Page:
As the question suggests, what is the intuition behind the Kodaira Vanishing Theorem? The Kodaira Vanishing Theorem says that the cohomology groups $H^q(M, L \otimes K_M)$ vanish for $q \ge 1$ when $L$ is a holomoprhic line bundle over a compact complex manifold $M$ and $L$ admits a Hermitian metric whose curvature form is positive definite. Here, $K_M$ denotes the canonical line bundle.

7$\begingroup$ There should not be any exponent "$1$" on the dualizing invertible sheaf. $\endgroup$ – Jason Starr Jul 23 '15 at 17:43

1$\begingroup$ I'm not sure what you are asking. There are many proofs available. I think the easiest way to see that a theorem is true is to read a proof. I personally like Kollár's proof: goo.gl/bzE5Ho $\endgroup$ – Sándor Kovács Jul 23 '15 at 18:32

$\begingroup$ If you want an intuition for a theorem about "$H^q$" of a "line bundle with positivedefinite curvature form", you probably need an intuition for what $H^q$ and that condition on $L$ mean. Is there a standard intuitive/heuristic interpretation of these notions? $\endgroup$ – Noam D. Elkies Jul 23 '15 at 20:12

$\begingroup$ Perhaps stupidly, for curves the statement is clear. So one could think of it along the lines of what can one generalize from the curve case. RR and vanishing allows one to calculate global sections and hence provides motivation for why one would try and prove such a result. $\endgroup$ – meh Jul 23 '15 at 20:22

5$\begingroup$ I think somebody changed the statement of the question. Before, if memory serves, the question asked for a proof. Now the question asks for intuition. If you are going to change the statement, you should correct that exponent $1$. $\endgroup$ – Jason Starr Jul 23 '15 at 20:55
Here are some thoughts. For simplicity I will call a line bundle positive if it admits a metric as you described.
According to Serre's vanishing theorem for any (fixed) coherent sheaf $F$, the sheaf $F\otimes L^m$ has no higher cohomology for $m\gg 0$. So as a first approximation you could consider Kodaira's vanishing theorem as a more precise version of that in the case when $F$ is the canonical line bundle.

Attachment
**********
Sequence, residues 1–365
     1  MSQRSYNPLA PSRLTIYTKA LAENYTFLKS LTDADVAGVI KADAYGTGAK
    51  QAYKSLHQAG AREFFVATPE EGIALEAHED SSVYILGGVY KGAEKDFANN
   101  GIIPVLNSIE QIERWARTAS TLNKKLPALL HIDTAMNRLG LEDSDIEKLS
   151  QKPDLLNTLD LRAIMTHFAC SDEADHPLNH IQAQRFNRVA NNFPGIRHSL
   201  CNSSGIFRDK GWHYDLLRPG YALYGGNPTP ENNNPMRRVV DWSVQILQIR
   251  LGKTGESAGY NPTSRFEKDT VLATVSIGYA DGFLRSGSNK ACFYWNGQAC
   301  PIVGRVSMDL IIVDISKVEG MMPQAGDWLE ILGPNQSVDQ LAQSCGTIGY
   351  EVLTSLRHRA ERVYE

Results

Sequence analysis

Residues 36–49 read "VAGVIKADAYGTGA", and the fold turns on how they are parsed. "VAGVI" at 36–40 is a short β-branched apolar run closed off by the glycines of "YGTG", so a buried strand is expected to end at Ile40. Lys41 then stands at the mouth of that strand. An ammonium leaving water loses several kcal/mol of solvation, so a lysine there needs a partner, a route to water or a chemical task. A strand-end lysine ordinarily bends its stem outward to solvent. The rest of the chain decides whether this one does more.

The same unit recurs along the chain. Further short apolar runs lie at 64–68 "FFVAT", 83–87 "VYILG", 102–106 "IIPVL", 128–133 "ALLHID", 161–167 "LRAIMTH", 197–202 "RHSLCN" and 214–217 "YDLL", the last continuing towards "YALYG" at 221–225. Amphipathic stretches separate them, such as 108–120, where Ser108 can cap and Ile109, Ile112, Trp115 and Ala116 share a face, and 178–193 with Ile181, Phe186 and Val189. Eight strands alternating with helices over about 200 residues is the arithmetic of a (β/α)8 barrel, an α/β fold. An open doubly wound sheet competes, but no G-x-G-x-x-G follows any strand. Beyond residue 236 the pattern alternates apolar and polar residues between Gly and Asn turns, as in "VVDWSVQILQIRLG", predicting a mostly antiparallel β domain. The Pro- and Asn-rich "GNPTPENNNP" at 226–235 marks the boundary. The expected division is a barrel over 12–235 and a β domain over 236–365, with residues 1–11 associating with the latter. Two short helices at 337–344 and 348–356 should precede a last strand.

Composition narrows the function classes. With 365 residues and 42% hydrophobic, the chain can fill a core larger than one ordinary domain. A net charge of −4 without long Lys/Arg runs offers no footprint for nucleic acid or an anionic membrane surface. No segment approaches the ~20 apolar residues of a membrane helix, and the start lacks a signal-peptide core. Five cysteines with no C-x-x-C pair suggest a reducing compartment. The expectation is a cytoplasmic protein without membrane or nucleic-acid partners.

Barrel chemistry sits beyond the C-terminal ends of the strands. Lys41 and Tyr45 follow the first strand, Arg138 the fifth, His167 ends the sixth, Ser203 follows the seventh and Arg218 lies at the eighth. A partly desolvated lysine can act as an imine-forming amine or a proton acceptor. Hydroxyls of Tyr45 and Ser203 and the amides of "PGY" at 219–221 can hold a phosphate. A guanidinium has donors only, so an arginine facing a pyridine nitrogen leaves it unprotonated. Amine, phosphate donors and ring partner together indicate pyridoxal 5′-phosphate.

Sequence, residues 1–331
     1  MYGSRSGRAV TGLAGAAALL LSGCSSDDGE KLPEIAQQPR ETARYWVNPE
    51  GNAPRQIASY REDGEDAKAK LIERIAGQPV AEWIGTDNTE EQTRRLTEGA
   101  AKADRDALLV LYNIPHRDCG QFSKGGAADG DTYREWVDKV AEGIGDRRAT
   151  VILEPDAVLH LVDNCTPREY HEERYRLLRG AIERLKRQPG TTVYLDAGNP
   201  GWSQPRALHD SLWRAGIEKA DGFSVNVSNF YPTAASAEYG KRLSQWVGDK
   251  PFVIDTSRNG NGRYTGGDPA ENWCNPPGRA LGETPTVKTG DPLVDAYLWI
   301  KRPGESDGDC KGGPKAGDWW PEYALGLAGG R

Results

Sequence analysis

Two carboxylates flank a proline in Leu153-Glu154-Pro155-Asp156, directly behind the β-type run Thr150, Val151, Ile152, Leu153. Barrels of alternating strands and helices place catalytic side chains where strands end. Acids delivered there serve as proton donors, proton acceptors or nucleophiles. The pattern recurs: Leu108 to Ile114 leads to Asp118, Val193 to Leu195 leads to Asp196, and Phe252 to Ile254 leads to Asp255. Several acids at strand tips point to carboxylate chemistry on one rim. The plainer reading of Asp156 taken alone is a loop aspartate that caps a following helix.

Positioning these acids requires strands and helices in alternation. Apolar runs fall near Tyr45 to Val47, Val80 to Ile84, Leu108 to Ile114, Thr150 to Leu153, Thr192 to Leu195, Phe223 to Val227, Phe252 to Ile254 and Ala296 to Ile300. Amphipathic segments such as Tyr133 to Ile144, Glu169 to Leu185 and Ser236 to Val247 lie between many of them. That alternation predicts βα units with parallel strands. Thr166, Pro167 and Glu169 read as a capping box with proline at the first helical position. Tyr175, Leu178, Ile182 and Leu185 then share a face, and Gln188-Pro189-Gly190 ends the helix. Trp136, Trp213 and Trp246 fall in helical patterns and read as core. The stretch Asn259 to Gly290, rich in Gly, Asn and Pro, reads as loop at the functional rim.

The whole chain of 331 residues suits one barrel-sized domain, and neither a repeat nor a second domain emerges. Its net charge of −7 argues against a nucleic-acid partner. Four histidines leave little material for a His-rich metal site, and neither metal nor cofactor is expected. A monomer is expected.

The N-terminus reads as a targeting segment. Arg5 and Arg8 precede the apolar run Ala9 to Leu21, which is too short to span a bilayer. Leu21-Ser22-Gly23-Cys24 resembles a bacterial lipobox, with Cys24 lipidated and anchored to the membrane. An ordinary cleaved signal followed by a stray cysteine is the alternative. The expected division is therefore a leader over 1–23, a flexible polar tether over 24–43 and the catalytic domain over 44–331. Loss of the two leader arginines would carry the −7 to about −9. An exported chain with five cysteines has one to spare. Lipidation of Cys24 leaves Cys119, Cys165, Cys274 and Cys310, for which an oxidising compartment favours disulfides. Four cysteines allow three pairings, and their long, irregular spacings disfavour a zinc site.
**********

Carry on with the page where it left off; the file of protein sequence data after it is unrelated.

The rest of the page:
It might also help to look at examples.
As Adam points out, the statement is trivial for curves: Using Serre duality the (correct) statement is equivalent to $$ H^q(M, L^{1}) =0 \text{ for } q<\dim M. $$ So if $\dim M=1$, then this only says that $H^0(M, L^{1}) =0$ (which is obvious).
One can also look at the cohomology of line bundles on a projective space. In that case the canonical line bundle is just $\mathscr O_{\mathbb P^n}(n1)$ and that's exactly so to speak the "breaking point" where the cohomology groups start behaving differently.
As an alternative, one could say that Kodaira's vanishing theorem is a vast generalization of the behaviour of the cohomology of line bundles on projective spaces.
Next, as an exercise, you should do the same comparison for complete intersections. You will find two things:
 The pattern is similar, the behaviour of cohomology groups changes when you hit the canonical line bundle and what matters whether your line bundle is more or less positive than the canonical.
 You will discover that the canonical line bundle itself tends to be positive. A simple form of Serre's vanishing says that a high power of a positive line bundle has no positive cohomology. Kodaira's vanishing is again a more precise version of that; measuring by the canonical line bundle it tells how high a power you need. In particular, if the canonical line bundle itself is positive, then Kodaira says that Serre vanishing hold for this particular line bundle already from the second power (and by Serre duality you know that it cannot hold for the first power). Given the importance of the canonical line bundle this is pretty useful.
It is well known that a cohomology class can be uniquely expressed by a harmonic form. To show that a certain cohomology group vanishes, it is equivalent to show that every harmonic form form that cohomology group is identically zero.
How does one show that a harmonic form vanishes? Let us look at the case of a realvalued harmonic function. We know that on a compact manifold, every realvalued harmonic function is constant. There are two ways of showing this. One is to use the maximum principle, and another way is to use integration by parts. Instead of considering a harmonic function, we consider a realvalued function $f$ which satisfies the equation$$\Delta f = cf,$$for some positive constant $c$. Such a function $f$ must vanish identically. Here, one can use either the maximum principle or integration by parts.